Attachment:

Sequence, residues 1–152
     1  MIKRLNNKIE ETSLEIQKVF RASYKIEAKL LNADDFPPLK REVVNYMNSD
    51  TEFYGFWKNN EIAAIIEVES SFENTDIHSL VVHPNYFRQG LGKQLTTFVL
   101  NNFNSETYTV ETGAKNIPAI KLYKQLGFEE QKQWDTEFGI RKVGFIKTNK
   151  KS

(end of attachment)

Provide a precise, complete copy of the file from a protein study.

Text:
Sequence, residues 1–152
     1  MIKRLNNKIE ETSLEIQKVF RASYKIEAKL LNADDFPPLK REVVNYMNSD
    51  TEFYGFWKNN EIAAIIEVES SFENTDIHSL VVHPNYFRQG LGKQLTTFVL
   101  NNFNSETYTV ETGAKNIPAI KLYKQLGFEE QKQWDTEFGI RKVGFIKTNK
   151  KS